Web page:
Lighthouse archaeologists hope cannon from 1782 shipwreck will provide new clues

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Archaeologists start latest phase of cannon's restoration.
Archaeologists start latest phase of cannon's restoration. Photo by Jake Martin, The St. Augustine Record

Summary of Lighthouse archaeologists hope cannon from 1782 shipwreck will provide new clues

Archaeologists from the St. Augustine Lighthouse and Museum in Florida are restoring a cannon salvaged from a 1782 shipwreck. The weapon is the largest artifact removed from the site and may provide more information about the region during the last months of the Revolutionary War.

The conservation of shipwrecked items is a long process, and the cannon has been undergoing electrolysis in a vat of soda ash for the past three years.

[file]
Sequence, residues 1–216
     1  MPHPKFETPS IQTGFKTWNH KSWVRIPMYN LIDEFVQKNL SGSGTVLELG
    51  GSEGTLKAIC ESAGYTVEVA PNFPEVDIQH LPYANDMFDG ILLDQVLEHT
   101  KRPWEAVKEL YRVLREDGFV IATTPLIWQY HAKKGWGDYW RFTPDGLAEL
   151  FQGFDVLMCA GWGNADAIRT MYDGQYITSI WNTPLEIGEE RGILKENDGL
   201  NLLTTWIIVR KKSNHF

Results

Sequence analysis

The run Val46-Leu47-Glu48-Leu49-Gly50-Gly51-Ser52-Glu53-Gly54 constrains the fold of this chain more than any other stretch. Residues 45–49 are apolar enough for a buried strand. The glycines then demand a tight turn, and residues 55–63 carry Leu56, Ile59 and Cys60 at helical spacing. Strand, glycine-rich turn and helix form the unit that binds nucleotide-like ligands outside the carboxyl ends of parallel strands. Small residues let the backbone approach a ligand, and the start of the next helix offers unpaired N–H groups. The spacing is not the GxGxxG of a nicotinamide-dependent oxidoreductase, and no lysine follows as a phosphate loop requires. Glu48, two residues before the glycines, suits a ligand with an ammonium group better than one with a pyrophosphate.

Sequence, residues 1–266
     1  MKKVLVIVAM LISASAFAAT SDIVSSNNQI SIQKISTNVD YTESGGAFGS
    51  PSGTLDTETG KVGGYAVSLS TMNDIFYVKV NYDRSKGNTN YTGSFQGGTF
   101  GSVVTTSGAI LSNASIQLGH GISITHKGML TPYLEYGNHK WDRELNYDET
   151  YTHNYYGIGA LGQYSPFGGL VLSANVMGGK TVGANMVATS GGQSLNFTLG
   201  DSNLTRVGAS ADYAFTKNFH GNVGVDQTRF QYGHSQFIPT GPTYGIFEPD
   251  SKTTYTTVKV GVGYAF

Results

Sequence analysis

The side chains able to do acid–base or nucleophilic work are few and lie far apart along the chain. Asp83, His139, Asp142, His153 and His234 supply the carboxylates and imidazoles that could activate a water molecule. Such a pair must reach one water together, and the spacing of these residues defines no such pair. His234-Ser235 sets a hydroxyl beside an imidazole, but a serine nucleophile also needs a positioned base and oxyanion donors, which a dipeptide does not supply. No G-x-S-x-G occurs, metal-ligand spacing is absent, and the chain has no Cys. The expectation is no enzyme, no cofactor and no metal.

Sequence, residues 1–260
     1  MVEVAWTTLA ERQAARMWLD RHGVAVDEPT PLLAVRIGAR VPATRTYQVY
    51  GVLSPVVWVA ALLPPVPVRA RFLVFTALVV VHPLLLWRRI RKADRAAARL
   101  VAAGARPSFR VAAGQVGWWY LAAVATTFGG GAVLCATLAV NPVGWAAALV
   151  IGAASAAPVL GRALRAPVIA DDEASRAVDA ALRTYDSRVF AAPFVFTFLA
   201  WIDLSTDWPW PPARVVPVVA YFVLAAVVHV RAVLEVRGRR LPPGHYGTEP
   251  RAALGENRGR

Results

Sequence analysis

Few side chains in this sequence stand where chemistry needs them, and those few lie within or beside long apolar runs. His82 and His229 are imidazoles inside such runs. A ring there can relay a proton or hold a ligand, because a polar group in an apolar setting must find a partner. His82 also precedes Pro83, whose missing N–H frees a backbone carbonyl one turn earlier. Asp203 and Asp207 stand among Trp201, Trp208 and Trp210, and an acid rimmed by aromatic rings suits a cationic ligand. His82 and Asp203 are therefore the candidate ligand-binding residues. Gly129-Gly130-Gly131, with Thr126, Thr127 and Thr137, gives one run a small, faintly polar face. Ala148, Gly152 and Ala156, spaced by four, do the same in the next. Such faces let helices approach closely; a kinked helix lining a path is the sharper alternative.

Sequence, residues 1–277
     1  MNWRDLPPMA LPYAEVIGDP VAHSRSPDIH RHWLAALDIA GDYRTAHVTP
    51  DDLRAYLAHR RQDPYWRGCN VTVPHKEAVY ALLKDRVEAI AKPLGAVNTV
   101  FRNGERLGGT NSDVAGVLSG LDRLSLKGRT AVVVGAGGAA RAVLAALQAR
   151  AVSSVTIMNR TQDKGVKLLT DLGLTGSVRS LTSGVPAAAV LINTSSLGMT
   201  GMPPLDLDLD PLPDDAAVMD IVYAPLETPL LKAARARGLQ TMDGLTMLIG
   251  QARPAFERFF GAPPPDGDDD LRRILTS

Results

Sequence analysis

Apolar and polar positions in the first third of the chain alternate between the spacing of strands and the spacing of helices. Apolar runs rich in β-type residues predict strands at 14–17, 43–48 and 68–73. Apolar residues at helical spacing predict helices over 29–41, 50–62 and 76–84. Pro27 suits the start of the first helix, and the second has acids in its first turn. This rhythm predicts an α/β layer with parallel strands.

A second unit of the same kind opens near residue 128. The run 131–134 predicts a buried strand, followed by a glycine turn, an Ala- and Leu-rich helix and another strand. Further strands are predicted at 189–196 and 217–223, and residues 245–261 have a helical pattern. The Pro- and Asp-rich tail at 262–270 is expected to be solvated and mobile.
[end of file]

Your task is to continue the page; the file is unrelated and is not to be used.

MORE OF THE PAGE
There is evidence of writing on the cannon which could provide clues about the ship and the people on board.

The artifact was found with a fleet of 16 British Loyalist ships who were transporting evacuees from South Carolina to Florida. The ships were beached while trying to enter the St. Augustine inlet in 1782.

The museum is planning a major exhibit on the program’s research featuring the cannon and other restored artifacts from the wreckage.

Read more Lighthouse archaeologists hope cannon from 1782 shipwreck will provide new clues

 

 

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